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Doing Our Part To Prevent The Next Steward Butler

It should be common sense that you don't punch random strangers, but it sadly is not.

Joe Robbins/Getty Images

I'd like to think that as Steward Butler allegedly stepped out of the vehicle on his way to committing what is being treated as a hate crime, somebody said "no." At least one person in that car had to have spoken up, right? I can't imagine that, as widespread as the message of tolerance has become in our lifetime, no one around Butler was the voice of reason.

But even if someone would have said something to him, it would have been too late. The moment it was plausible for Butler to chase down and beat a homosexual couple, it was clear we had already failed him.

I get this tinge in the back of my head every time I hear someone in my life say something casually racist or homophobic. For years I've heard the comments, and despite my feelings on the matter, I let them pass by me without a word. I would argue until my last breath that they are genuinely good people at heart, but that intolerance in them still lingers.

"Why do they always have to act like animals?"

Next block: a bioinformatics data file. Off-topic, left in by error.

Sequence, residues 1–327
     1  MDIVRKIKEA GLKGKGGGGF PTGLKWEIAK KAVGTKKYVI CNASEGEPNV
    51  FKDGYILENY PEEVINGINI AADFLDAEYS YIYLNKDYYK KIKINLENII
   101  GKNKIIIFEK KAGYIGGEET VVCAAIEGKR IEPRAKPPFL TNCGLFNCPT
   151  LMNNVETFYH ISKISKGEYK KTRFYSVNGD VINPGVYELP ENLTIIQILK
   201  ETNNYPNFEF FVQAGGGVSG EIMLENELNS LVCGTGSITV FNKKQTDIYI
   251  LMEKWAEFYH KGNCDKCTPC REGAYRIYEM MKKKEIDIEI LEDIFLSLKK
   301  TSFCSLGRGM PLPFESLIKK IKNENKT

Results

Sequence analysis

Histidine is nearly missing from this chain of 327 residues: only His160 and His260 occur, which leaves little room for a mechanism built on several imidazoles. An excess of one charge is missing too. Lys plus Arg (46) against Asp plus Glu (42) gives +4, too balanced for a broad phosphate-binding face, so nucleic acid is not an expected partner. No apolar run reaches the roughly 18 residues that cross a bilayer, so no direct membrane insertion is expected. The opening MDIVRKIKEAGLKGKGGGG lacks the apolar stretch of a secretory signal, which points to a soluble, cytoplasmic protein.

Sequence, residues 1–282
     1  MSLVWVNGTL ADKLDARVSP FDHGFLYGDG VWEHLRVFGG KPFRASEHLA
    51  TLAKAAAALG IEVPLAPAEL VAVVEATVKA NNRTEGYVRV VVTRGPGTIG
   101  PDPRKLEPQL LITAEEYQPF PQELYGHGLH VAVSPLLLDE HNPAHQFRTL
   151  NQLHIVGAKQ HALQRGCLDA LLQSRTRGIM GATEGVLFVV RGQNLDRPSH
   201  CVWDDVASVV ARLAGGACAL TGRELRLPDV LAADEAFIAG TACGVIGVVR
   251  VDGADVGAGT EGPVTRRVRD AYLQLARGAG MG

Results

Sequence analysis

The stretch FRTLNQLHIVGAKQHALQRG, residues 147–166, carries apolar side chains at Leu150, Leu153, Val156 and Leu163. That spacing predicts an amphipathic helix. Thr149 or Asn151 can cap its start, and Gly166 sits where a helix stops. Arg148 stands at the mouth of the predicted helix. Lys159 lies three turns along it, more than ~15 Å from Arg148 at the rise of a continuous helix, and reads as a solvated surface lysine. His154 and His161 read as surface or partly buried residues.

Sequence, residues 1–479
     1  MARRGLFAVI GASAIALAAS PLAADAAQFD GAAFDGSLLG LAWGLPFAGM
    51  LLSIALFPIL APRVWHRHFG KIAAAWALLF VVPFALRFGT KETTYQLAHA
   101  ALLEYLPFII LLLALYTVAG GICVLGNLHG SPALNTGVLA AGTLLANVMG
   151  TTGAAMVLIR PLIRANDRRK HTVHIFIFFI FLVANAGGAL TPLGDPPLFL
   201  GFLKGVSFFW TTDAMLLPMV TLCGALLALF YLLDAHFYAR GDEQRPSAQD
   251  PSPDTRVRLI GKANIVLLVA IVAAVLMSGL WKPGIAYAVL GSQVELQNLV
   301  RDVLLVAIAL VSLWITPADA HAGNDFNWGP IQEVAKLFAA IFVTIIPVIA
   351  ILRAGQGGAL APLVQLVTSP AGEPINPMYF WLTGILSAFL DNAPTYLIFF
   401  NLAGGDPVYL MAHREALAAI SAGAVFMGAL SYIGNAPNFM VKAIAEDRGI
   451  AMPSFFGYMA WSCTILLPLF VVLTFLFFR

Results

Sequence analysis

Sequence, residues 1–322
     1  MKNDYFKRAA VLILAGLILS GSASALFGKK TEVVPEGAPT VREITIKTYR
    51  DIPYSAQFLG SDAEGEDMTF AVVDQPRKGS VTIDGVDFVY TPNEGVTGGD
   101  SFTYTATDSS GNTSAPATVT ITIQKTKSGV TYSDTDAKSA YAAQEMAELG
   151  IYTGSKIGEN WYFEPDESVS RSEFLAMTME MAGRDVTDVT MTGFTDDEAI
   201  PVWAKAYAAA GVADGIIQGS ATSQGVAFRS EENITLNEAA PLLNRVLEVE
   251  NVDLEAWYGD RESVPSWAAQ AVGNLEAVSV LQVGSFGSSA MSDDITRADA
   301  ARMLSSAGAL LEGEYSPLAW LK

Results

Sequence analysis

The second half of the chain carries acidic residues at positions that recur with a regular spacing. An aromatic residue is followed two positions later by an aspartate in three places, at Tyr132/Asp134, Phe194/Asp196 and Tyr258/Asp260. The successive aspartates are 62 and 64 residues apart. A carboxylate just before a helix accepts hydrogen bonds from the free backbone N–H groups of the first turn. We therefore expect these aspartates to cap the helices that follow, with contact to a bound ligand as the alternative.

"It's just gross. I don't want to see that."

Its hard to confront people close to you about what seems, at the time, like small indiscretions. You think, "It's not a big deal." You ignore it, because it's just not worth the awkward conversation.

So, the intolerance continues.

This is why there are still Steward Butler's out there. He didn't go his entire life without a glint of homophobia before committing this alleged crime. And I guarantee someone in his life felt that same tinge in their head well before April 5th.

Nobody stood up to him in a meaningful way. Nobody had the guts to tell him that kind of thinking was no longer socially acceptable.

But neither did I.

Up to now, I've let the comments and slurs slide, and I'm not alone. So many of us will claim to support equality, but not stand by that claim when confronted with intolerance. We allow the Steward Butlers of the world to pass us by.

It doesn't take bravery to have a frank conversation with someone about common decency. It just requires you to step outside of your comfort zone for a moment. Like the ones in my life, most of the people you meet are genuinely good humans, but if right and wrong came easy, we wouldn't call it progress.

(Note: This post was updated after publishing to reflect the ongoing nature of this investigation. Although Butler has turned himself in and been kicked off the team at Marshall, he has not yet been convicted.)